Having crossed the local park, the salt marshes and farmland by the river Loughor, my walking route took me up the Castell Ddu road alongside a woodland stream. The woodland is private but I still got to enjoy the sights and sounds of the stream and the birds as I followed the stream back up to the main road. You can listen to these below (along with the distant aircraft and motorway!).
The next stage of my walk this week takes us across the salt marshes next to the Loughor river here in South Wales. I say “walk”, but perhaps I should say paddle as there had been a high tide and significant areas of the marsh and footpath were still draining the sea water. I was determined to carry on and knowing the tide was on the ebb I could be sure the way would only become easier.
The top end of the old Roman road I was walking along recently was dry (as dry as it could be in the rain) but as I walked further down the hill it became more and more like a river!
Complementary images to my walks this week can be found directly on Instagram or via the sidebar images on the StillWalks blog. Images displayed here and on Instagram are a mixture of iPhone and Canon DSLR photography.
Following the Lliw downstream from its source on the Mawr, the first village the river flows through is Felindre.
Situated below the Lliw Lower and Upper Reservoirs in South Wales, it is not known for year round sunshine. There have been a good number of sunny days in 2014 but, as can be seen in the photos, this was not one of them!
The source of the river Lliw lies in the upland area of the Mawr in Swansea. To get there requires a short hike across the hills from a road that feels like it is in the middle of nowhere.
This beautiful environment is not far from civilisation and the ease with which I can get from the hubbub of society to these wonderful areas is one of the good aspects of Wales.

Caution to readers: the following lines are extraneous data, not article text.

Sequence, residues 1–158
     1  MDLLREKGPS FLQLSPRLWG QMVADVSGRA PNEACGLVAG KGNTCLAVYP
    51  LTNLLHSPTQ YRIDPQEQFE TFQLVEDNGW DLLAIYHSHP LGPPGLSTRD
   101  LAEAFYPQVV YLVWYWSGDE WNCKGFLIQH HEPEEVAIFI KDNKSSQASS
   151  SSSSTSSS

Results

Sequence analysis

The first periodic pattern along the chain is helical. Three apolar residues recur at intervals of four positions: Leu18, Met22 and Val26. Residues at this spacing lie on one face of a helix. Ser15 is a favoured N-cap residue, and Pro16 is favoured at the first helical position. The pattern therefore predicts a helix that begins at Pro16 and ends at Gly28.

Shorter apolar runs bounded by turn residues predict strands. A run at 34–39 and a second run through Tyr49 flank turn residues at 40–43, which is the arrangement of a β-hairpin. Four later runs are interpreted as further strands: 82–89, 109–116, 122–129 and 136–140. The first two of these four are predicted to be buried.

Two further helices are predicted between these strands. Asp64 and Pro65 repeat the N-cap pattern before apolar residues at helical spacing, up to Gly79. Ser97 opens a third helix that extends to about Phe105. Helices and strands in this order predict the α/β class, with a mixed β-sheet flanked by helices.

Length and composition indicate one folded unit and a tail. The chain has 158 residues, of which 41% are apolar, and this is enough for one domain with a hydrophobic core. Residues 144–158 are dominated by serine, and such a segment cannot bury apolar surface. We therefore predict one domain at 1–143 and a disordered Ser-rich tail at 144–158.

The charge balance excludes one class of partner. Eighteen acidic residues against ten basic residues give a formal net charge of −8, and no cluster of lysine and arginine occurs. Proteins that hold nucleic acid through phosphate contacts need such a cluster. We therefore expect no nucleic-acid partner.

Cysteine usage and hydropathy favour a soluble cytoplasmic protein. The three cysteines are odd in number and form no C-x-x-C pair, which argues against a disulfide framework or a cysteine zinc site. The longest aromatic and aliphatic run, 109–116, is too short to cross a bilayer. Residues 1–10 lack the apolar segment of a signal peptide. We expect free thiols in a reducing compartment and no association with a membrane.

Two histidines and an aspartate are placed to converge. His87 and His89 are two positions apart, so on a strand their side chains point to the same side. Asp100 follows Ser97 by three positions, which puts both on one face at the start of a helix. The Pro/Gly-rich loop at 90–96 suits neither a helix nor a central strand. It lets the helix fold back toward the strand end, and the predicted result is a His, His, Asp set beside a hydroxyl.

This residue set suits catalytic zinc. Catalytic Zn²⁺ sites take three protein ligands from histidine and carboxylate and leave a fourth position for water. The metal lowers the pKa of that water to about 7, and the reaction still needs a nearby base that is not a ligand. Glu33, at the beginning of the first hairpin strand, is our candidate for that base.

Decaying with time, these old trolleys create a strange cemetery in the mouth of the River Tawe, Swansea.
Those that already follow this blog will know that there is more to come throughout this week to tell the story of a recent walk in the docks/marina area of Swansea.
The walk was the second Mission Gallery Walk and Draw with Sarah Abbott that I have taken part in. On this occasion, while I did a little sketching, most of my drawing was with my DSLR camera, iPhone and small edirol sound recorder.
Having read that the winner of the Jerwood Drawing Prize this year was sound artist Alison Carlier, I felt that my description of drawing with my camera and sound recorder while out on pre-production recce walks for StillWalks videos, is perfectly valid.
With The Big Draw continuing throughout this month, perhaps it is an appropriate time to consider and enjoy the broadening definition of drawing.
Have you ever felt intimidated by swans? I don’t know what I did to deserve the look this one gave me – maybe it just didn’t like being photographed. I suppose I would get the same look from people if I pointed my camera straight at them.
In the second image I think it has resigned itself to the activity and decided to pose more pleasantly rather than stare fiercely.
The abstract patterns of water in the River Morlais which runs through Troserch Woodland in Carmarthenshire, Wales.
If I had used these images, it would have been in the second StillWalks video I made in the Troserch area. The first was through the woodland (see below) and the other was walking from the woodland, across the fields by the river and back to civilisation.
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